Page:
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Old 09-28-2017, 05:05 AM   #292
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Bearing Adjustment?

I finished repacking the wheel bearings on my 19', and need to find out about the proper adjustment of the spindle nuts when reinstalling the hubs. Per Dexter's on-line documentation "For E-Z Lube axles using the new nut retainer", I torqued the nut to 50 ft-lbs while rotating the drum, backed off the nut while not allowing the drum to turn, finger tightened the nut till "just snug", then snapped on the nut retainer. The documentation then says "If the nut is too tight, remove the retainer and back the nut off approximately one twelfth of a turn and reinstall the retainer." My question is what constitutes "too tight"? Two of the four wheels ended up with just enough end-play to be felt when pushing and pulling the drum in and out along the spindle center-line, but the two others seem to be either too tight (no perceptible end-play) or too loose (maybe 1/32" or more of end-play) and there is no way to position the nut retainer which allows for an in-between position.

What is the appropriate end-play? Should there be just enough end-play to be perceptible, or backed off to the next looser position of the nut retainer if there is no end-play? Poking around on the web, I'm seeing conflicting advice. Some say to leave the bearings with some amount of end-play to make sure there is room to have a layer of grease between the cups and rollers and to allow for heat expansion, and some say that there should be no end-play thereby ensuring that the roller surfaces will be parallel to the cup surface.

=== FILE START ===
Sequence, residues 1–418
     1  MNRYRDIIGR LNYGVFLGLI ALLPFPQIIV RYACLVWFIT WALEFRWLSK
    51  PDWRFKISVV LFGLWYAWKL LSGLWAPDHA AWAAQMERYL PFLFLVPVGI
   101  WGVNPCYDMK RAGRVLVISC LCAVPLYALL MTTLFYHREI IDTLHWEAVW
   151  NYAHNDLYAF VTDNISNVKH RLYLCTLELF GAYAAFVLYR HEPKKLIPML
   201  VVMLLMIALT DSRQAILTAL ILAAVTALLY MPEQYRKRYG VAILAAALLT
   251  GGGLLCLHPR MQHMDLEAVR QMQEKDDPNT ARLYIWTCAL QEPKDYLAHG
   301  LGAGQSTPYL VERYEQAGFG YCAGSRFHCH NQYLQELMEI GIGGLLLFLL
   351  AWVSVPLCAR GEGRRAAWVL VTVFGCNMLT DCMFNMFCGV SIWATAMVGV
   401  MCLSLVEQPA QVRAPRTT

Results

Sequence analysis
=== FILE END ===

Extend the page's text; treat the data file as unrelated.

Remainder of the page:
Does anyone have a recommended spec for a dial indicator (thousandths of an inch) measurement of end-play? I assume that it’s better for things to be too loose rather than too tight? I contacted Dexter about this, and (maybe not surprisingly) never got a reply from them. I'm reluctant to pester Reace about it since it's a Dexter question not an Escape question, and just thought I'd see what you good forum folks might have to say.

I had to get the trailer out of my driveway before my beloved home owners association got all excited and started fining me for keeping the trailer in my driveway while working on it, so I left 2 hubs with barely feel-able end-play and 2 hubs with no feel-able end-play, adjusted the brakes, and took the trailer back to the storage lot (6 miles at <= 40 mph). I'm planning to tweak the bearing adjustment if/as needed before our next trip, but at this point really don't know what would be appropriate. Any insights would be most appreciated.